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If You Could Steal One Band From Another Festival

Whether it was Pulp, Prince , the Foo Fighters or The Chemical Brothers it seemed like everyone was enjoying some great music (or some not so great boxing) in the sun shine this weekend. So with all this great music on offer we decided to ask the question: If You Could Steal One Band From Another Festival, Who Would It Be?

Lewis Lowe

If there was one band that could be pinched from any festival this year for the inclusion on the Reading and Leeds line ups, for me it would have to be Bestival’s Saturday night headliners The Cure. The band, who formed in the late 70’s, have released 13 albums and has amassed a huge following, headlining festivals all over the world but are yet to headline Reading or Leeds.

It could be argued that they may not appeal to the current festival demographic however with a shift of band types being booked comes a shift in the type of punters that attend the festival, with The Cure being the perfect act to attract new festival attendees. It would also keep the line up fresh as many of the bands booked this year have played the festivals before, some numerous times. Fans will not keep paying the ever-increasing prices to see the same acts every year.

They could even be included on the current line up with very little disruption; Friday’s line up (Reading) could all drop down a slot paving the way for The Cure to top the bill.

Craig Brooks

The Reading and Leeds lineups over the past few years have been drawing a lot of criticism but this year probably more so than any other. The main stage is severely lacking in star power with the headline slot on Friday being the most evident example with My Chemical Romance taking top billing. Even though I would consider the other two headliners, Muse and The Strokes, capable and worthy of their positions there isn’t really a headliner that caters for fans of heavier music.

Linkin Park could easily have slotted into the Friday headline spot with MCR as the subheadliner. With numerous highly successful albums to their name and the ability to put on a stellar live show Linkin Park could have brought something big to the festival. From a personal point of view I’ve been to Reading the last 5 years in a row and, despite playing Reading and Leeds before, they’d be a new headliner for me and the latest generation of festival goers.

Kyle Prangnell

There are a lot of bands that would be fantastic at Reading and Leeds that are playing other festivals this year, but one that really stuck out for me, and one which made me was insanely jealous due to not being able to go to Sonisphere, was The Mars Volta.

Not only have they not played since 2003, and so would avoid the recent repeats that many people have complained about, but they are also the type of unique act that Reading has been missing out on. Most importantly though, let’s be honest, they’re seriously amazing. A reasonably high slot on the main stage would do them well, but to see them headline the NME stage would be an incredible experience, which could really go down in Reading history. If you are going to Sonisphere, you have see this band.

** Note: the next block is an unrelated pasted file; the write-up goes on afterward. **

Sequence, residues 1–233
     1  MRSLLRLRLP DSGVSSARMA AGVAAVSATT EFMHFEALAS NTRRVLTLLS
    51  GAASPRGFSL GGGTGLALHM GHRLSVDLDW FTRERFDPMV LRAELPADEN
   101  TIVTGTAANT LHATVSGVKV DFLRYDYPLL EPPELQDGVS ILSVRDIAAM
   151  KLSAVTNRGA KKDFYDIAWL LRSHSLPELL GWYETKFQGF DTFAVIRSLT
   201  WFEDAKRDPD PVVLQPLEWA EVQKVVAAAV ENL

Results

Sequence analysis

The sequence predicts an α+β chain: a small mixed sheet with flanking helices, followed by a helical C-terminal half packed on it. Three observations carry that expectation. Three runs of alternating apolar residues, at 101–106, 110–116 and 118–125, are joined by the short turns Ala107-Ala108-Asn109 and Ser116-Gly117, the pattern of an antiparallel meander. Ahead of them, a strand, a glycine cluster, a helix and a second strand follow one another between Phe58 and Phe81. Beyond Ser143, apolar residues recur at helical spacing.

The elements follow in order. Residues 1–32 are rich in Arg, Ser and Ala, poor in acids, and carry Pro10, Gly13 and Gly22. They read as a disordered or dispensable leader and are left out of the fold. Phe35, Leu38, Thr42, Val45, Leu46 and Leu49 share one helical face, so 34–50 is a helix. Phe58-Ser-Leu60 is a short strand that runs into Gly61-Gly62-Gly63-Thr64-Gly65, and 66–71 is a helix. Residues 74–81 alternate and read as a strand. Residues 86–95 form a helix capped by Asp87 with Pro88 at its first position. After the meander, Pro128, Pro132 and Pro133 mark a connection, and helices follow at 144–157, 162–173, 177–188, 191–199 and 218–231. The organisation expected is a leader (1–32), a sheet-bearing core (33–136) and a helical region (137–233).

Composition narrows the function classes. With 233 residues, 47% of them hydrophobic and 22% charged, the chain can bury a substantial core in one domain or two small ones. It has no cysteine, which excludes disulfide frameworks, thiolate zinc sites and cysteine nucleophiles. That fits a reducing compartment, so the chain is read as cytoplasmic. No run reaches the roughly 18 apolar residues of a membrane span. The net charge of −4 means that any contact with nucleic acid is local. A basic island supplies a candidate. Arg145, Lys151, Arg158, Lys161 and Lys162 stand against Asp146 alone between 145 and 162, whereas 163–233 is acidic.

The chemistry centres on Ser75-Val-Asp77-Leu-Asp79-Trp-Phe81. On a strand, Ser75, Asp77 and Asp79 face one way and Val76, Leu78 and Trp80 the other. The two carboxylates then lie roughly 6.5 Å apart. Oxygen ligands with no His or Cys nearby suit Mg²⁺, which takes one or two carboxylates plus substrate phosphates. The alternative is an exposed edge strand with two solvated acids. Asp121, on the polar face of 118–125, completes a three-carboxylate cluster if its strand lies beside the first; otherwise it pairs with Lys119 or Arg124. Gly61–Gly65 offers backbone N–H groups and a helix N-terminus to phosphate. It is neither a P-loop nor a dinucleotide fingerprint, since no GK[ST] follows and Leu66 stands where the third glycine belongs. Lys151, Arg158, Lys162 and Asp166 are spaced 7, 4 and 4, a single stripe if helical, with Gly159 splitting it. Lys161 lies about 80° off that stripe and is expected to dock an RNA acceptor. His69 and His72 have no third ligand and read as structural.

Janusz Jasinski

Queens Of The Stone Age (NME Stage Headliner): Yeah, a repeat booking – the difference between this repeat booking and so many others at Reading and Leeds this year is that this one is tried, tested and well, fucking ace. Okay, so they’ve done little to nothing since they played last year but a band with such a huge discography could play a whole variety of totally different sets and get away with it.

Heck, they could even do a Glastonbury and let the fans choose the setlist. If Reading and Leeds want to be called the greatest rock festival in the world, they could do much worse than book one of the greatest rock bands around. Each time they play the festival, it echoes to a time before Reading and Leeds sold their soul to BBC and NME. This band represents what Reading and Leeds used to be about.

Rik Sharma

System of a Down, from Download, to be Reading Festival’s Friday headliner, but I suppose that would be too easy. And while bands like NOFX, H2O and A Wilhelm Scream (Groezrock x 2 and Rebellion) would be extremely warmly received, they would make for lazy choices because they’ve all played Reading Festival in recent years.

So with that in mind, I’ll opt for Slam Dunk’s Less Than Jake. Okay, it’s not a wholly original choice, given that they actually last played in 2008. But that was a lock-up headline slot that clashed with Rage Against The Machine. So it doesn’t really count. Let’s have Chris, Roger and co. back on the mainstage in the sun. They would go down a treat before ska veterans Madness, on the Saturday.

David Hayter

So I’m going a little left field with my pick as I’d love to seen Festival Republic scoop up Pantha Du Prince from Bestival and place him on the Dance just before Mount Kimbie. Let’s face it, FR don’t have a clue about electronica and dance, their stage reflects this almost every year, and for every Four Tet there’s a gimmicky indie band with synths or some banal populist take on genuinely interesting movements in dance and dub-step. The festival is always behind the times, and always misses out of the real cutting edge of electronica while more mainstream festivals like Glastonbury manage to beat them to the punch.

Now don’t get me wrong, I’m not asking for an intensely arty line up, we can still have Nero pleasing the masses and we can still have UNKLE representing the best of Electronica’s past, but how about the present, and how about the fantastical atmospheric and continually intriguing Pantha Du Prince, to create a reflective mesh of earthy and electronic tones to allow everyone to chill, as they await the inevitable bouncy bellow-a-thons that will come when the sun sets.



Author: david

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